In the beginning of the 19th century, Santa Claus was depicted as a stern disciplinarian, often holding a switch. He wrote letters warning children to behave, rather than children writing letters to him.
St. Nicholas Broadside, New-York Historical Society, 1810
Woodcut: Alexander Anderson
St Nicholas Center Collection
Our modern image of Santa Claus as a benevolent, jolly old elf owes much to Thomas Nast, illustrator for Harper’s Weekly. The cover and pages 8 and 9 of the January 3, 1863 issue show how Christmas celebrations were interrupted by the Civil War. This issue, located and documented by Tennessee State Library and Archives staff in Jamestown, Fentress County, shows “Santa Claus in Camp.” The younger soldiers play with a jack-in-the-box, while the older men await care packages and news from home. The double spread within the magazine shows a family separated by war. The mother kneels in prayer, while the children sleep. Many miles away, the father gazes upon their portraits. On the home front, Santa Claus prepares to slide down the chimney while the reindeer wait. At the camp, Santa tosses presents to the lonely soldiers.
Harper’s Weekly, Jan. 3, 1863, front cover
Harper’s Weekly, Jan. 3, 1863, pp. 8-9
After the Civil War, the tradition of Santa Claus writing to children continued in the local newspapers, effectively combined with advertising. Santa Claus announces to the gentlemen of Camden, Benton County, that “Fine Albums, large and small, Plush Work Boxes, Muni-ware Sets, Smoker’s Sets, Whisk-Broom Sets, Toilet Sets, Dressing Cases, Bisque and China goods, Picture and Story Books, Dolls, Tea Sets, and an endless variety of Toys and other pretty things” are available at the Hatley Drug Company. The manager Eugene Morris assures the readers that “Santa Claus has not forgotten the little folks, the young folks, nor the old folks of Camden and Benton County.”
Camden Chronicle, Nov. 25, 1892
In 1895, Santa Claus’ “Little Friend, Minnie E. Morris,” who lived just five miles from Maryville, Blount County, submitted a letter to the Maryville Times. She requested “a big doll, and a book to read.” The bemused editors replied that they would do their best to forward the letter.
Maryville Times, Dec. 19, 1895
By 1899, newspapers such as the Columbia Herald were regularly soliciting and printing letters to Santa Claus in special issues. Alleen Overton, of 116 S. G. St., Columbia, Maury County, asks for a long list of toys for herself, her “tom boy sister,” her “Mother and Papa,” and the good little children at the First Presbyterian Church on Garden Street. Alleen grew up to marry Waverly Hayes Jackson and served as the organist at her church for many years.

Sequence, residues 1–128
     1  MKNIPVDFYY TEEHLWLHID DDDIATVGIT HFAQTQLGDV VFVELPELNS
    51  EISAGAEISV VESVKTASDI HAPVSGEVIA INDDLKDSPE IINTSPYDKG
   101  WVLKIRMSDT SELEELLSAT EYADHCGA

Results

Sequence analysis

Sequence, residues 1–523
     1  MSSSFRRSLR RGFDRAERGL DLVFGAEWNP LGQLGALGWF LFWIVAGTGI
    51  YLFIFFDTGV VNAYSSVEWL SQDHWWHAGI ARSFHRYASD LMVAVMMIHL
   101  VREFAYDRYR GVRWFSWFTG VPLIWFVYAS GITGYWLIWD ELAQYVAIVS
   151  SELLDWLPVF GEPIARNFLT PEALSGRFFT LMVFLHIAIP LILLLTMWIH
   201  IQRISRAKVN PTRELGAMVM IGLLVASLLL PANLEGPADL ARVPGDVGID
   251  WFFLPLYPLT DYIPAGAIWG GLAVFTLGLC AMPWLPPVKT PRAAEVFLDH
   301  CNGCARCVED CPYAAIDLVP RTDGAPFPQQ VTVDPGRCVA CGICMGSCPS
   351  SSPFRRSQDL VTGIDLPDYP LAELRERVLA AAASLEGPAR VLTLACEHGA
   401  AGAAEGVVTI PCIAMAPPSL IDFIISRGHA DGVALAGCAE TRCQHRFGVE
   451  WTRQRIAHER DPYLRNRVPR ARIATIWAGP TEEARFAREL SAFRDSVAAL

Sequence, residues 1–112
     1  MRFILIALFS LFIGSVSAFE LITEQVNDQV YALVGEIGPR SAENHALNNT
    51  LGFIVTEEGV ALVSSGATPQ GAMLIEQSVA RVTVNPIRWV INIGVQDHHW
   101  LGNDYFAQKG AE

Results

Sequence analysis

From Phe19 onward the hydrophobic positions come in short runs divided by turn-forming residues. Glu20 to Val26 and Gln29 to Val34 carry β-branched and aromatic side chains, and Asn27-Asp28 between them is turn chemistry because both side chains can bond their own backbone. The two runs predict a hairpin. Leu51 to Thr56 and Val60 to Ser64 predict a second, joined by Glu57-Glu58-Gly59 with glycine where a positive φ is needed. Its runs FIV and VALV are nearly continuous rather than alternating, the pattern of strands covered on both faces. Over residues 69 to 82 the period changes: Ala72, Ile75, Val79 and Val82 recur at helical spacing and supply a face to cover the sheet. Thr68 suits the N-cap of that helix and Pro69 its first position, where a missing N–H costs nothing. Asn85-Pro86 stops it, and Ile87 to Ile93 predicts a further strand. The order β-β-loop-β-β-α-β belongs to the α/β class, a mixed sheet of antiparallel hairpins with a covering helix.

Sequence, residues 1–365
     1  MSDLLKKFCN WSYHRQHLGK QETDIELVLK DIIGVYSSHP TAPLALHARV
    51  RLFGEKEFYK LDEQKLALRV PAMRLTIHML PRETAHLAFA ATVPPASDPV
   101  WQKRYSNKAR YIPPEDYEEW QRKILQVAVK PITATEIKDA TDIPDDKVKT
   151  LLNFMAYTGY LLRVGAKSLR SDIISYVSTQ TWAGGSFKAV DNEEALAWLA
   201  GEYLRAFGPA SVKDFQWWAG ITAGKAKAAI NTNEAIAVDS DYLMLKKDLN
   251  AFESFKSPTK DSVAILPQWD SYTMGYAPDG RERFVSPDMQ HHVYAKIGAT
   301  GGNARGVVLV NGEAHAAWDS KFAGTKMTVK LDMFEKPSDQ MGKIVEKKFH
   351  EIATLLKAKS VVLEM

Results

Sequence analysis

Columbia, Tenn. Dec. 8, 1899—Dear Santa Clause—I will write and tell you where I live. And I want you to be sure and stop at my house. I think I am a good little girl. And I know I have got a good little sweet sister. And what ever you do don’t forget us. I want you to bring me a little curly heady doll that will go to sleep. I like dolls but I don’t brake them up like other children I take care of my dolls I don’t play with them all the time and besides I want you to bring me a little wardrobe to hang my doll clothes in and real nice set of China dishes not a cheap set but a fine set. And I want a doll buggy and a doll rocking chair a little piano. I know you will laugh Santa Clause when I tell you my little tom boy sister wants a wagon to pull like boys. She says she just want a waggon and a doll and a lot of bananas, she could eat a dozen bananas right now but bring her a hold lot of things and don’t forget Mother and Papa and what ever you do Santa Clause go to our church the first C P Church on Garden Street where there will be so many real good little children waiting for you and I am going to try to be good I had to miss Sunday school last Sunday because I had the measles but I will be there this Sunday. I will close dear old Santa Clause. ALLEEN OVERTON. 116 South G. St., Columbia, Tenn.
Dolls and doll accessories were a common request from little girls across the state, including Johnson City’s Ethel Gertrude Hankins, who asks for “a great big doll that it will shut its eyes and go to sleep;” Katie Boyd, of 1603 Harding Street, Nashville, Davidson County, who wants “another Negro doll for my other dolls are so lonesome by themselves;” and Anna Love Wyman of Jasper, Marion County, who requests “a big doll, one that can go to sleep, and I want a bed for her to sleep in.” Some children are more modest in their wishes. The White sisters, Kate, Leona, and Frankie, also of Johnson City, remind Santa Claus that they “have no dear papa like other tots” and that Santa Claus had overlooked them the previous Christmas. They want only “something nice.” Boys asked for firecrackers, trains, wagons, fire engines, tinker toys and “anything else you think a 9 year old boy would like,” according to William J. Oakes of Columbia, Maury County.
Johnson City Comet Dec. 19, 1901
Nashville Globe, Dec. 15, 1909
The letters to Santa Claus from Tennessee children between 1895 to 1920 reflect a growing prosperity, the mass manufacturing of toys, and the commercialization of the holiday. The innocent wishes of the children are familiar to us today, as well as their heartfelt concern for their family, friends, and those less fortunate than themselves.
Sequatchee Valley News, Dec. 9, 1920
Columbia Herald, Dec. 8, 1899